“The treat category is becoming more specialized; people are no longer regarding dog treats as all the same,” Denzer says. “They’re looking for treats to use for different purposes, whether it’s for a training reward, a nutritious pick-me-up during physical activity, or simply as an for a training reward, a nutritious pick-me-up during physical activity, or simply as an occasional indulgence to show their dogs they love them.”
Another trending segment includes treats designed to promote oral, joint, heart, digestive and skin and coat health. For example, there are treats for dogs containing fat-burning/lean muscle-preserving ingredients and those loaded with vitamins and nutrients or with protein to supplement the diet.
Many treats feature sustainably raised and sourced ingredients, and recycled or sustainable packaging, as well. These options are appealing to growing numbers of consumers. Although this gives pet specialty retailers plenty of varieties to offer their customers, it also means retailers must create order from (potential) chaos and also actively participate in helping customers find the treat that best fits their needs.
In order to help customers narrow down their choices retailers may consider asking them about:
• The dog’s chewing habits. Is the dog a gulper, or chewer? Is it aggressive or soft-mouthed? “If the dog is a gulper, I wouldn’t recommend a pig ear, trachea or any other chew that could be swallowed while still too large of a piece,” Jones explains. “Aggressive chewers should choose from a beef knee cap, beef shank bone, or the jerky/sausage types of treats.”
• The dog’s size and weight. “If the dog is very small, a full-sized treat might put on too much weight, especially if given repetitively for training,” says Denzer. “So suggest a lower-calorie alternative.”
• Any allergies, dietary concerns and lifestyle. “Also, be sensitive if there’s a pricing concern and offer alternatives,” says Dweck.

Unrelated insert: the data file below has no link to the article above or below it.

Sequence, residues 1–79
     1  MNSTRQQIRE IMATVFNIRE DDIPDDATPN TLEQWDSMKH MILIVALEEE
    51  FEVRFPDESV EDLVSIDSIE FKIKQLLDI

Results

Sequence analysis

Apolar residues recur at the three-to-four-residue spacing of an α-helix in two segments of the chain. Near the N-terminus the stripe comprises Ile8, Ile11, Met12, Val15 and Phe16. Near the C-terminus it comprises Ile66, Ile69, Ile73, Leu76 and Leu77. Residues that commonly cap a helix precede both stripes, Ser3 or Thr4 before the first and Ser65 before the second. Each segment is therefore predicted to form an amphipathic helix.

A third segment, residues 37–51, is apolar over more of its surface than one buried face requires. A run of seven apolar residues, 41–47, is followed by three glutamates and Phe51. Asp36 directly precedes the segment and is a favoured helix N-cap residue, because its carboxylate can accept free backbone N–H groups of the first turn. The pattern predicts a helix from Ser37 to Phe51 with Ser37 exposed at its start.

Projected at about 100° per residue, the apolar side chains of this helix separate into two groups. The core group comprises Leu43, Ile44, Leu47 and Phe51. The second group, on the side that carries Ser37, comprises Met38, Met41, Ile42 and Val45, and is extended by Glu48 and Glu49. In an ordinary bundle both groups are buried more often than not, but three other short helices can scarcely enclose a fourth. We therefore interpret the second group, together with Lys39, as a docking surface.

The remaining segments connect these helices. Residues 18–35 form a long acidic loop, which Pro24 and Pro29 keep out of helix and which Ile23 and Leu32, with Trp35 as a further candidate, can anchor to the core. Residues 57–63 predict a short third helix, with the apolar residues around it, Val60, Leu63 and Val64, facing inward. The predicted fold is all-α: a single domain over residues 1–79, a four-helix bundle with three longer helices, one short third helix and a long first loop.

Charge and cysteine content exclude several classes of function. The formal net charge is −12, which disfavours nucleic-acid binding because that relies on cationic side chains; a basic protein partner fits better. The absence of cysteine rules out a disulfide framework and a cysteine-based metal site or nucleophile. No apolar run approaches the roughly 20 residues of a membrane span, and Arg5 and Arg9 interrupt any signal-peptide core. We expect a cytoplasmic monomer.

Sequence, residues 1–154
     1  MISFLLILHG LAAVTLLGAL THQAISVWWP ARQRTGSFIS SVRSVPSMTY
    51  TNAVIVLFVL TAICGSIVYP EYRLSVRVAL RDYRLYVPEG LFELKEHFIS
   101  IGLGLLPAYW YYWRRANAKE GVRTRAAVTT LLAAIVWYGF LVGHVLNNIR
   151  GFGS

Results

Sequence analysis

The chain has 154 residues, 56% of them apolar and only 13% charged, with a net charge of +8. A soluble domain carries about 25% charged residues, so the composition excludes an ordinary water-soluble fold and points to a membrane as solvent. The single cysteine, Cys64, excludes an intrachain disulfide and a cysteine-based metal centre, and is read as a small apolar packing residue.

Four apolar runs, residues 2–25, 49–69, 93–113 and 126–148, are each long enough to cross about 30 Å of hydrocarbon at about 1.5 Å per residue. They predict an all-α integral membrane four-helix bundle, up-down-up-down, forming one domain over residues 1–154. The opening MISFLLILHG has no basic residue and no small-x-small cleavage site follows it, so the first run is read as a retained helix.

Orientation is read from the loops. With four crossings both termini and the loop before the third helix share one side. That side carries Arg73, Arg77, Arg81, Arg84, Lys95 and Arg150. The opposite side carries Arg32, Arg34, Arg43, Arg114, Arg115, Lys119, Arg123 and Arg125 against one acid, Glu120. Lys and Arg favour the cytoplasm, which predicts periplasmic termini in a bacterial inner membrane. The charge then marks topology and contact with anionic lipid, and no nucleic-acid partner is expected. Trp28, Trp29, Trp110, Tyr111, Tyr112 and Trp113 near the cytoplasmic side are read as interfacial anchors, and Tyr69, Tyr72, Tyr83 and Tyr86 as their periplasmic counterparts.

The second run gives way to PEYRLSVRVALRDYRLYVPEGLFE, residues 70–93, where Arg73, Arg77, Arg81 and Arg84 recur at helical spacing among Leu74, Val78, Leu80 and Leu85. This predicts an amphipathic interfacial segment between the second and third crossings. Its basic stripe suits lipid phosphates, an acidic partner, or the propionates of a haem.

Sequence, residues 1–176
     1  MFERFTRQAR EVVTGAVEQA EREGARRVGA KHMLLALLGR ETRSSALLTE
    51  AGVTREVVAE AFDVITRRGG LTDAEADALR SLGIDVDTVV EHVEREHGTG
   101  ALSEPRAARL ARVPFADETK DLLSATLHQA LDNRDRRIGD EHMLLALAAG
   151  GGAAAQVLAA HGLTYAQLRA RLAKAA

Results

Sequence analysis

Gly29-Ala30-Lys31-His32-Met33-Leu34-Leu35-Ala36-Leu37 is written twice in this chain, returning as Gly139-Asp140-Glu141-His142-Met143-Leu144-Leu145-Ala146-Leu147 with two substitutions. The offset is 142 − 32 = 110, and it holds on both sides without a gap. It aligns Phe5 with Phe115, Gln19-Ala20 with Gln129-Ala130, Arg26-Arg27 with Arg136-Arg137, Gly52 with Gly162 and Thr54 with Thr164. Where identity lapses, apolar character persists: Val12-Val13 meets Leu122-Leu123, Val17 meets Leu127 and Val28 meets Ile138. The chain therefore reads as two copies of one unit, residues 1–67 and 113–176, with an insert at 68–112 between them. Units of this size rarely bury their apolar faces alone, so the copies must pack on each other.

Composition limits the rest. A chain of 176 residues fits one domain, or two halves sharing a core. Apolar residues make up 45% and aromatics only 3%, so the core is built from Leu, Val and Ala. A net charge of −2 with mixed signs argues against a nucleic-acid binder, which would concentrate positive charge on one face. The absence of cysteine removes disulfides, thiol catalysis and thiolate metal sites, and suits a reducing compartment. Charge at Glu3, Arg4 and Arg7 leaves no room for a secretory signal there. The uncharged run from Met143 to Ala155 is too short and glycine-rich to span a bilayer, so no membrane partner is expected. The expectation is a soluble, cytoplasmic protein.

• The intention of the treat. Is it used for training, or inside a toy or to help address a particular concern, or is it just simply a treat? If it’s to be used for training, Benson advises suggesting one that is bite-sized and quickly eaten. “This helps the dog maintain his focus on the handler versus cleaning up any crumbs from a large or messy treat,” she says.
• Where it will be used. “Packaging is important to look at,” explains Denzer. “If a treat is going to be given on the go, you should suggest one that comes in a package that is resealable and/or is easy to transport in a pocket.”
Retailers should also inquire about other general preferences, such as organic, all-natural, sustainability, non-GMO, humanely raised, sourcing and so on. For many consumers, these qualities are extremely important.
As for merchandising, make these items easy to locate and figure out. For example, grouping like treats together, such as biscuits, chews, baked treats, crunchy, soft-moist and so on, can be helpful to customers, says Benson.
“Similarly, placing treats next to the toys into which they fit or that are in a series gives a visual of the treat-toy system as a whole,” she adds.
Although treats should have their own area, sectioned off in a way that makes sense to the customers, displaying them with other types of products that a particular treat may be associated with will promote sales, says Denzer.
“For example, small treats designed to be given as repetitive training rewards should be merchandised with other training-related products such as leads and training videos,” she explains. “An activity-oriented treat would do well in displays with products like doggie backpacks and portable water bottles.”
Other possibilities include placing dental treats by the dental care products, or those geared toward skin and coat health with remedies and treatments targeting the same, and so on.
And don’t overlook the register, says Dweck. “Treats are a feel-good item and often an impulse add-on,” he says. “Counter displays are a great way to add units to a pending sale.”